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C.N. Douglas, comp.  Forty Thousand Quotations: Prose and Poetical.  1917.
 
Haste
 
  Haste is of the devil.
Koran.    
  1
  All haste implies weakness.
George MacDonald.    
  2
  Hurry is only admissible in catching flies.
Haliburton.    
  3
  Hurry and cunning are the two apprentices of despatch and skill; but neither of them ever learns his master’s trade.
Colton.    
  4
  Manners require time, as nothing is more vulgar than haste.
Emerson.    
  5
  Raw Haste, half-sister to Delay.
Tennyson.    
  6
  Wisely, and slow; they stumble that run fast.
Shakespeare.    
  7
  Men love in haste, but they detest at leisure.
Byron.    
  8
  The more haste, ever the worst speed.
Churchill.    
  9
  Haste is needful in a desperate case.
Shakespeare.    
  10
  Error is ever the sequence of haste.
Wellington.    
  11
  Farewell; and let your haste commend your duty.
Shakespeare.    
  12
  Modern wisdom plucks me from over-credulous haste.
Shakespeare.    
  13
  Haste trips up its own heels, fetters and stops itself.
Seneca.    
  14
          Celerity is never more admired
Than by the negligent.
Shakespeare.    
  15
        Stand not upon the order of your going,
But go at once.
Shakespeare.    
  16
  Hasten slowly, and without losing heart put your work twenty times upon the anvil.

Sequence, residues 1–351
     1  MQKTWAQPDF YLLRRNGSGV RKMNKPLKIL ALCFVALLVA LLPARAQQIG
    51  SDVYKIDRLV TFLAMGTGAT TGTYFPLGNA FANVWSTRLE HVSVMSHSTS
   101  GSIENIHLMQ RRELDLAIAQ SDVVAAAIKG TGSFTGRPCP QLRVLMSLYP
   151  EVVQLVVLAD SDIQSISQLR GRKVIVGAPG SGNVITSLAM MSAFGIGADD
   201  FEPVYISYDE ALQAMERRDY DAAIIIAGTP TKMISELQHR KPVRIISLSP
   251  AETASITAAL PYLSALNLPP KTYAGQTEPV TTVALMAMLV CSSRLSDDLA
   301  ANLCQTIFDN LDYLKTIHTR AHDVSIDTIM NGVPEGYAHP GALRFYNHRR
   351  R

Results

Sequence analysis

Boileau.    
  17
  It is of no use running; to set out betimes is the main point.
La Fontaine.    
  18
  Though I am always in haste, I am never in a hurry.
John Wesley.    
  19
        He tires betimes that spurs too fast betimes;
With eager feeding food doth choke the feeder.
Shakespeare.    
  20
 
 
  Haste and rashness are storms and tempests, breaking and wrecking business; but nimbleness is a full, fair wind, blowing it with speed to haven.
Fuller.    
  21
  Sir Amyas Pawlet, when he saw too much haste made in any matter, was wont to say, “Stay awhile, that we may make an end the sooner.”
Bacon.    
  22
  Fraud and deceit are ever in a hurry. Take time for all things. Great haste makes great waste.
Franklin.    
  23
  Whoever is in a hurry shows that the thing he is about is too big for him. Haste and hurry are very different things.
Chesterfield.    
  24
  We are in hot haste to set the world right and to order all affairs; the Lord hath the leisure of conscious power and unerring wisdom, and it will be well for us to learn to wait.
Spurgeon.    
  25
  Haste turns usually upon a matter of ten minutes too late, and may be avoided by a habit like that of Lord Nelson, to which he ascribed his success in life, of being ten minutes too early.
Bovee.    
  26
 
 
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